Dress for Your Day

Whether you are preparing for an interview, job fair, or other professional experience (i.e. internship, job or even a job shadowing), first impressions are important!  Ensure you demonstrate your readiness to work by dressing appropriately for the position. Consider the company culture and position to which you are applying when making professional dress decisions. Do your research by confirming the appropriate attire through others knowledgeable about the organization’s culture.


Business Casual, Business Professional, Casual, or Uniforms are among the most common styles for work and details on each can be found below. When making an initial contact with an organization, wear clothing that is simple, well-fitting and not flashy, to allow potential colleagues to focus on YOU without distractions.


When you become employed full time or part time, learn more about how the company’s dress-codes and how they may change with different days and activities.  When in doubt, always dress a little better than the “norm”!

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Avoid wearing baggy interview clothes. Sweats and clothes that are too big create an impression of untidiness. Also, don’t wear your pants on your hips. It looks unprofessional and gives off the sign that you don’t care. When choosing clothing, both men and women should choose a conservatively colored shirt, nothing crazy, and nothing transparent or clingy. For men, a safe bet for shirt is to stick with white or pale blue.


  • Wear a full suit or nice slacks and a coordinating jacket. Suits should be navy blue or black—avoid pinstripes, unless they’re very thin and muted.
  • Coordinate your tie with your suit. Splashes of color can be fine, but don’t go wild, and don’t wear loud patterns. Red is called the power color for a reason—it catches the eye and focuses attention on the wearer.
  • If you want to wear a flag or ribbon pin on your lapel, be aware that they may initiate conversations that you don’t want to have during the interview.


  • Your hemline should fall just above or on your knee.
  • Low neck-lines, transparent fabric and bra straps on display should be avoided.
man in business wear.
man in business wear.
man in business wear.
woman in business wear.
woman in business wear.
woman in business wear.



  • Wear clean, polished dress shoes, free of dirt and scuff marks.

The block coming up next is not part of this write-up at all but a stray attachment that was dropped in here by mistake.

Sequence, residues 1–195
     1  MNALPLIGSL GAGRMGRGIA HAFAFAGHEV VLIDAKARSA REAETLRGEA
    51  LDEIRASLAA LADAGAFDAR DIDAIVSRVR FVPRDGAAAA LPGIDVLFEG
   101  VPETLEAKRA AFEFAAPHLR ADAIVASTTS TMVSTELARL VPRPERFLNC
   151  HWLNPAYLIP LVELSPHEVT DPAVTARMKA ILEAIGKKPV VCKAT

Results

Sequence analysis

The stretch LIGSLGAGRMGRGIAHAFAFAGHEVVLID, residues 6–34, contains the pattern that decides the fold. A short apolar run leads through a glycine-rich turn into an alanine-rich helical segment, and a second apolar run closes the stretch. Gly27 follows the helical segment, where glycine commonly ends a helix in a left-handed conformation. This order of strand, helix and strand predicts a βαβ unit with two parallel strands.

• Make sure your socks match your shoes and your shoes match your belt
dress shoes.


  • Wear closed-toe, medium to low-heeled shoes such as a pair of black pumps.
  • You should be able to walk comfortably in your shoes and appear confident and at ease.
  • Very high-heeled shoes are unsuitable.
  • Avoid brightly colored and trendy shoes - you are not there to make a fashion statement.
dress heels.



  • One simple ring per hand is acceptable. Avoid necklaces and bracelets.
  • If you wear a watch, wear something simple with a leather or metal band—it conveys efficiency and punctuality.
  • Try to cover up any tattoos.


  • Wear understated jewelry. Ostentatious, in-your-face jewelry is a big distraction and gives the impression of flashiness.
  • Big, dangling earrings and jangling bracelets are particularly distracting and should be avoided.
  • Try to cover up any tattoos.
  • Anklets can make your feet a focal point. You want the interviewer to concentrate on your face and what you have to say.
  • Sunglasses pushed up into your hair is a definite no! It looks messy and unprofessional.
woman wearing a necklace.



  • Men should have a traditional haircut and neatly or completely shave (depending on the work culture) before the interview. A clean shave makes the right impression. If you really want to retain your facial hair make sure it is neatly trimmed. Your hair should be neatly combed and styled. Avoid a style that allows you to fiddle with your hair - this makes you appear nervous and unsure.
  • Make sure nails are trimmed, neat, and clean.
  • Take studs out of visible piercings, and don’t wear flashy jewelry.
Side profile of a man.


  • Your hair should be neatly combed and styled. Avoid a style that allows you to fiddle with your hair - this makes you appear nervous and unsure.
  • Keep your hair off your face. You don't want to be constantly flicking your hair out of the way during the interview.
  • Wear understated makeup in natural tones. Overdone eye shadow, heavy eyeliner and brightly-colored lipstick make you appear frivolous and unprofessional.
  • Ensure your nails are clean and manicured and only wear neutral polish.
Side profile of a woman.

Your Bag

  • Carry a small briefcase or similar bag in place of a purse. This provides an easy way of carrying a tablet or laptop.
  • If you feel you need a purse, a small structured one is preferable to a large floppy bag. Avoid canvas, denim and straw, these look very unprofessional.
three briefcases.